Quick Start Challenge
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One of the major objectives of quick start challenge games is to foster discussion and comparison of opening move sequences. Timelines submitted a text file format of your choice and submitted with the required last turn save game establish the basis for this comparison.
Creativity and fun?
Remember to do what you want to do in this process and make your timeline a reflection of your playing personality. Role play if you want to. Give pet names to things if that makes it more exciting for you.
If you want to dress up your timelines with graphics and other stuff, then go right ahead and live it up. Bear in mind that you will need to zip your final save game file and your timeline text file into a single zip folder in order to submit it for scoring. If you want to include other stuff beyond a text timeline and the save file, you will need to follow some format and style guidelines listed at the end of this page.
You can go into lots of detail or you can just hit the minimum information that will help people follow your great examples of management and leadership skills. If you go into detail, try to follow an example that includes the required information up at the front of your timeline entry for any given year and then expand on that information in subsequent sentences, paragraphs, or cells.
Six events are so important to understanding the game, that we wish to label them as required elements in any timeline:
When you locate a goody hut report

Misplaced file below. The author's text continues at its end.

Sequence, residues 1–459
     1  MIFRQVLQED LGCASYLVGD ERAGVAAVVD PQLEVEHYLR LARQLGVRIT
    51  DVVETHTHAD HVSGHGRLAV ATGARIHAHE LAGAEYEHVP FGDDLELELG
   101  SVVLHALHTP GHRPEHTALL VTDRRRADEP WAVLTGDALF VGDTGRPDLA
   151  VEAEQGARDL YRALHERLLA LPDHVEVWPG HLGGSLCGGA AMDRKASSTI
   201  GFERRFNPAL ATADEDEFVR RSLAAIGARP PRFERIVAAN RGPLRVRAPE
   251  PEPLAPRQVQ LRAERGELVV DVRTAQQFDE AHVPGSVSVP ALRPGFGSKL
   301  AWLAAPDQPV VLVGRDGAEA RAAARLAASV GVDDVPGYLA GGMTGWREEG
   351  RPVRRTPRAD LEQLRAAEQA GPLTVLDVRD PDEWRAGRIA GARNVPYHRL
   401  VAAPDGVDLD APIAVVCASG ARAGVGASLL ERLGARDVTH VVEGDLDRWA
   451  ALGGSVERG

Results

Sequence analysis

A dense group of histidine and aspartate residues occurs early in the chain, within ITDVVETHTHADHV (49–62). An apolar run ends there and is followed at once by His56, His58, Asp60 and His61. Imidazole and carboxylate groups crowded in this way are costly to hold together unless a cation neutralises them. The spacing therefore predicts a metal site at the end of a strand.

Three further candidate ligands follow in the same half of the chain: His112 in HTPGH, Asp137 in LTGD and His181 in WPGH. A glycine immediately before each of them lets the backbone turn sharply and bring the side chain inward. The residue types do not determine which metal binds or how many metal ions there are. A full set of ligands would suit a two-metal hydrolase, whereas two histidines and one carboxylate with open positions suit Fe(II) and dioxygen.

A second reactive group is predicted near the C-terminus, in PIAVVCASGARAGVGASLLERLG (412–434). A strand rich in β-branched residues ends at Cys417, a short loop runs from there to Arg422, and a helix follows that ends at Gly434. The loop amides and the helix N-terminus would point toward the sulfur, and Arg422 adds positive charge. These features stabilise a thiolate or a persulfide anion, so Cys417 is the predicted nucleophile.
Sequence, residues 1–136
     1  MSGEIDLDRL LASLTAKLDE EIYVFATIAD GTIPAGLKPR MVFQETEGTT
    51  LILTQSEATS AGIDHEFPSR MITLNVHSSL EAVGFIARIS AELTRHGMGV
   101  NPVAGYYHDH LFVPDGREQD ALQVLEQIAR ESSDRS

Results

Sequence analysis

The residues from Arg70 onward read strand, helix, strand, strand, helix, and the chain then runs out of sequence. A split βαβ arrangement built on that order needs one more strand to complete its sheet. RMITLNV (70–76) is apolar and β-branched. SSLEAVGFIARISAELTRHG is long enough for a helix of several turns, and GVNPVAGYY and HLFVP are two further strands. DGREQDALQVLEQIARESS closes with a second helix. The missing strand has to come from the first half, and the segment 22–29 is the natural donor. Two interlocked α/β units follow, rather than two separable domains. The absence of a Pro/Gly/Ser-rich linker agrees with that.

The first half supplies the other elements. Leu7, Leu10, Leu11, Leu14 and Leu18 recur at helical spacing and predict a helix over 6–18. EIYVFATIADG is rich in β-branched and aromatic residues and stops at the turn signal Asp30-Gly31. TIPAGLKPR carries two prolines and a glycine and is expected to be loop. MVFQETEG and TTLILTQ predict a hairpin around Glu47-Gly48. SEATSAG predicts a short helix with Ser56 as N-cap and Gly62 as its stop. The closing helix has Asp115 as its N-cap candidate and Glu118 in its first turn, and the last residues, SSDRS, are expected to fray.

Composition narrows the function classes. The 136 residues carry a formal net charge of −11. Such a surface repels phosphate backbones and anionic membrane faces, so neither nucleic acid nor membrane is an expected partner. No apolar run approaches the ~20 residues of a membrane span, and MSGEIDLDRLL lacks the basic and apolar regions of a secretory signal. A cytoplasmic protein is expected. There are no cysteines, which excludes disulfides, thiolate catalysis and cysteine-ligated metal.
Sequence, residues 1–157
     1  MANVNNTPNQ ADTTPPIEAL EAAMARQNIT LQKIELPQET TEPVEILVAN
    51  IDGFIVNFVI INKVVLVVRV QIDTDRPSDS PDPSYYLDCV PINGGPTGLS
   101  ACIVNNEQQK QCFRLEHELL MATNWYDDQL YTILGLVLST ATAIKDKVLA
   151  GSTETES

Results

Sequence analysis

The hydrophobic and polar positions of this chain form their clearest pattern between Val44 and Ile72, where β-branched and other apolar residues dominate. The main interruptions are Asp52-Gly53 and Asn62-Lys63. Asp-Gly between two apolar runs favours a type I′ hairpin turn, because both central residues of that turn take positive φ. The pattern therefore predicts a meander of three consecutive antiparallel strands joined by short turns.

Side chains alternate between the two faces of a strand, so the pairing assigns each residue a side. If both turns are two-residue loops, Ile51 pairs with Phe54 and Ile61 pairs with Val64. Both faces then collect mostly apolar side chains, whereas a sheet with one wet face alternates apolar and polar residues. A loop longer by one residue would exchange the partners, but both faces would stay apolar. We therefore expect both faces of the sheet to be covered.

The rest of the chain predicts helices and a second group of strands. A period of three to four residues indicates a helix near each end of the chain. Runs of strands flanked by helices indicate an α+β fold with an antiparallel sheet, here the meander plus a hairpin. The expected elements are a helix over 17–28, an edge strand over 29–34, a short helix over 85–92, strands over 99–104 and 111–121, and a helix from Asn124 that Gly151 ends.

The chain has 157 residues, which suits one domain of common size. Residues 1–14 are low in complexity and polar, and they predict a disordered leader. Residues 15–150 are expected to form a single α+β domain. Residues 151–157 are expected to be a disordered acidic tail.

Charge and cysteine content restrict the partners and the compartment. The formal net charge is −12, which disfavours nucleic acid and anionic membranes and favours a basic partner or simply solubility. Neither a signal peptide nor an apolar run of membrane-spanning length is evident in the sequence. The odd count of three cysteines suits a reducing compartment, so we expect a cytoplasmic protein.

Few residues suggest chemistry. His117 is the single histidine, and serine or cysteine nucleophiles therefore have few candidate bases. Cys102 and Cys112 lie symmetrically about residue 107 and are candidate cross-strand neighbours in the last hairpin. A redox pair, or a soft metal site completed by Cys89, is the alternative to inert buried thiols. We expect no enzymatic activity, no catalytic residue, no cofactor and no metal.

its location, when you open it, and what you get out of the hut.
When you meet another civilization, describe
the encounter and what you learn about your rival.
When you engage in >any trade event,
describe the exchange whether it succeeds or fails.
If you establish
embassy/conduct diplomacy describe the events, the costs, and anything
Describe any adjustments you make to
research or luxury spending rates.
Describe any technology
Tips that help demonstrate you know what you are doing
Directions – describe directions of movement based on the compass; N, S, E, W will be preferred to up, down, right, and left. If you adopt the practice fairly religiously you will find that the using the direction for a units current position is usually all that will be required to pinpoint the new location. Including the terrain type helps people to follow your decision process.
Units – describe units
in a way that recognizes their strength and health.
Workers –vs– Citizens – Workers are units you move
around on the map and can build roads, mines, etc.
You will want to track worker assignments in fairly good detail because experience has shown that these tasks are what make the difference in the cumulative success of various start positions.
If you say nothing, then most people will take that to mean that you have the governor settings for your cities left at the defaults for the civilization you are playing and the game in general. If you say something in your timeline like “emphasize food”, “emphasize production”, or “emphasize commerce” this will indicate that you change the governor settings to emphasize the items you listed and set all other items to NO.
If you need to temporarily force citizens to do things other than what the governor would select using your current settings this is called “micromanagement”. Micromanagement sounds like it would tedious and bad, but with experience you will find that micromanaging just a couple of turns out of a twenty or thirty turn sequence is all you really need to do to have a big effect. If you need to micromanage to increase food you can do that (can be abbreviated as “mmf”) or you could indicate what citizen you micromanaged from and to in terms of terrain. Micromanaging to increase shields (“mms”) and/or gold (“mmg”) is also something that may need to be described. Remember that whenever the town grows a pop point or completes a production task, the governor will revert back to what he/she thinks the citizens should be doing and this will upset any micromanagement choices you may have implemented.